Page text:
WHAT’S THE SQUAWK? We love the nonbreakable visor, but sometimes it comes out of the helmet bag pretzeled into odd shapes.
MXA RATING: This is a great helmet in every way. It offers superior protection, style and comfort. It is the complete package of looks, comfort and scientifically backed safety.
HAVE YOU SEEN THE AUGUST 2020 ISSUE OF MXA? SUBSCRIBING IS THE BEST DEAL IN MOTOCROSS
In this issue, out this week, we testa full race Pro Circuit Yamaha YZ125 that we built for the World Two-Stroke Championships. We also had Doug Dubach shepherd our GYTR-kitted YZ450F through its hop-up phase. Unwilling to leave well enough alone we herded up a bunch of kids to help us test a Stacyc electric balance bike, ask a kid to let us ride his full-race Supermini and not only resurrected a 2005 Honda CR125, but blew it up, while we were at it. If that wasn’t enough we interview Rocket Rex Staten to prove that we weren’t afraid of him.
HOW TO SUBSCRIBE TO MXA SO THAT YOU NEVER MISS ANOTHER ISSUE OR SPEND A PENNY
If you subscribe to MXA you can get the mag on your iPhone, iPad, Kindle or Android by going to the Apple Store, Amazon or Google Play or in a digital version. Even better you can subscribe to Motocross Action and get the awesome print edition delivered to your house by a uniformed employee of the U.S. Government. You can call (800) 767-0345 or Click Here (or on the box at the bottom of this page) to subscribe.
MXA WRECKING CREW AT THE PASHA 125 OPEN: Photos by Ryan Vitelli
MXA’s Assistant Editor Josh Mosiman on the line for the Pasha 125 Pro race at Glen Helen. It was a 100+ degree day of motocross and the 20-minute motos were tiresome. However, the MXA crew got their money’s worth. RevD Photography snagged some cool photos of the orange helmet squad on their two-strokes. For the full MXA race report of the Pasha 125 Open, click here.
Josh Mosiman’s 6-2 moto scores earned him 4th overall and empty pockets on his way home. However, the podium finishers earned a great pay day with $750, $500 and $250 going out to the top three overall. Photo by: RevD Photography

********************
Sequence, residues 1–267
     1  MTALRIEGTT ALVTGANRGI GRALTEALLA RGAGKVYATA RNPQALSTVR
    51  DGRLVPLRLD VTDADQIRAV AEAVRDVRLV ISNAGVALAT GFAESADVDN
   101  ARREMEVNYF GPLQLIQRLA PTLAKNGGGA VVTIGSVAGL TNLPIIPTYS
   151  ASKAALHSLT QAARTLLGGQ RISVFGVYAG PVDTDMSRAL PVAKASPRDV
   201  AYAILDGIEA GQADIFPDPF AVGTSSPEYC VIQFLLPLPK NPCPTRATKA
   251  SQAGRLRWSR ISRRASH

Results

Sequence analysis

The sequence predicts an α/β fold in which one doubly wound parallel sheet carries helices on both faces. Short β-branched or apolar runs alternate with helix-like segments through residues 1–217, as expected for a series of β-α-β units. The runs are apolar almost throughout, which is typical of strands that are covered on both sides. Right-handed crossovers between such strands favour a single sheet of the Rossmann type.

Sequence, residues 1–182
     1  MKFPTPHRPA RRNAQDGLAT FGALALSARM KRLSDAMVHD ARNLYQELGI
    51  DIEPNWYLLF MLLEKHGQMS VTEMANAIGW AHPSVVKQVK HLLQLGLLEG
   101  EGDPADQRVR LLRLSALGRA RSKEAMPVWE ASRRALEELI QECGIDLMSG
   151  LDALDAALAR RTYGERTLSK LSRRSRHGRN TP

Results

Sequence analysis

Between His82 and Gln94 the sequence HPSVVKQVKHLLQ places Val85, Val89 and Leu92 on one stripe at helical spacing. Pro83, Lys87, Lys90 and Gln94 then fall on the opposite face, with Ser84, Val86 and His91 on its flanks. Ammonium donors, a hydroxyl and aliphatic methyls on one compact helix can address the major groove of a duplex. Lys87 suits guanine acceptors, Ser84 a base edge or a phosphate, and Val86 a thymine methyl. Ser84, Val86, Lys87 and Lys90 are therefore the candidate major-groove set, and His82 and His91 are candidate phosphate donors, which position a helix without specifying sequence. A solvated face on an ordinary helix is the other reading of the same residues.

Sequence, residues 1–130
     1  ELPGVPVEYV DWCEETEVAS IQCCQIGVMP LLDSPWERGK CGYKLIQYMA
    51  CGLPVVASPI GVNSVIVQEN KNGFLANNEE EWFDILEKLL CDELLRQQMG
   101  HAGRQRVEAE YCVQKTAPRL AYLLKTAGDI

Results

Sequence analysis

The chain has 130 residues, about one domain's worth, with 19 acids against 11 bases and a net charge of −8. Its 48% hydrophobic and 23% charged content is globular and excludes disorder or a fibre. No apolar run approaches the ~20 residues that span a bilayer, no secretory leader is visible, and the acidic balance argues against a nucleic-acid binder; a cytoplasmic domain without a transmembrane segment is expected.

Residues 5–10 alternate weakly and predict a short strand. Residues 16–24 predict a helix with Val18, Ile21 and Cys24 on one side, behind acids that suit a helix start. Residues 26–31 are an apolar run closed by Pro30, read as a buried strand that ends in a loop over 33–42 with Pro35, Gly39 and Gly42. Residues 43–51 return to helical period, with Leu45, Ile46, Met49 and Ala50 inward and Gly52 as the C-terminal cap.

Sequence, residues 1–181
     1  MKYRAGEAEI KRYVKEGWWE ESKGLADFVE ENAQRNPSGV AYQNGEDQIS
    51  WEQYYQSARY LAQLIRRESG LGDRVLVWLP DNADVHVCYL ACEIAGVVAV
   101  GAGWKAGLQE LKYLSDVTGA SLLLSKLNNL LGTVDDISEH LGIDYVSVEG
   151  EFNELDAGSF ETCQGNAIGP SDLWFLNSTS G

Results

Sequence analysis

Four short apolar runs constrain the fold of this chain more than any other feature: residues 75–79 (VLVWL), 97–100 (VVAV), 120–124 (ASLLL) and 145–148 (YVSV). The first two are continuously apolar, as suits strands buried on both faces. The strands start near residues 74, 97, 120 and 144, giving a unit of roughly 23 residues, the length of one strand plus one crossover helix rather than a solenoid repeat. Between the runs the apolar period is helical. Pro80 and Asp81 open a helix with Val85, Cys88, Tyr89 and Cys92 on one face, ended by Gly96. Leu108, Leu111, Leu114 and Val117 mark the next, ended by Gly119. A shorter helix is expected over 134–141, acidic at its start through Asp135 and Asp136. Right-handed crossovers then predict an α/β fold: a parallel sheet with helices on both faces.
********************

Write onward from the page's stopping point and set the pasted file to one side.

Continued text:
Josh Fout doesn’t normally race the Pro class, however there were no other options for him as Pasha only featured three classes for the 125s. Either Pro, Over-40 or Over-50.He wasn’t old enough for the Over-40 or Over-50, so the Vet Intermediate raced with the Pros. Josh went 11-11 for 12th overall. Photo by: RevD Photography
Australian Dan Alamangos is good on the track and behind the lens. Plus, he’s easy to find because he loves the all white Thor Prime Pro gear. Alamangos was sixth in the Over-50 125 class on a 2020 Husky TC125. Photo by: RevD Photography
Mike Monaghan rode for motos in the broiling heat and his motos were back-to-back when his 250 two-stroke class conflicted with his regular. Mike only races two-strokes and given his choice he always picks 2020 Yamaha YZ250X. He likes the easier to use power and softer suspension on Glen Helen’s rough track. Photo by: RevD Photography
2021 450 FOUR-STROKE SHOPPING LIST ALTHOUGH WE ARE MISSING SOMETHING YELLOW
MXA YOUTUBE CHANNEL | HIT THAT SUBSCRIBE BUTTON
The MXA wrecking crew is everything moto related. Check out our MXA YouTube channel for bike reviews, Supercross coverage, rider interviews and much more. And don’t forgot to hit that subscribe button.
TALK MOTO WITH MOTO MINDED PEOPLE. JOIN MXA’S FACEBOOK GROUP CHAT
We love everything moto and want to bring all moto junkies together into one place to share their two cents, ideas, photos, bike fixes, bike problems and much more. To check it out first you must need to or already have a Facebook account. If you don’t, it isn’t much work and you could even have an alias so nobody knows it is you. To join click HERE. After you request to join we will accept your request shortly after.
CLASSIC MXA PHOTOThis is the cover of the 1993 August issue of MXA. We were surprised that the cover-all shrouds did not become the look of tomorrow’s motocross bikes—especially for teams and riders trying to find outside sponsors.
Moto Trivia answer: David Bailey 1985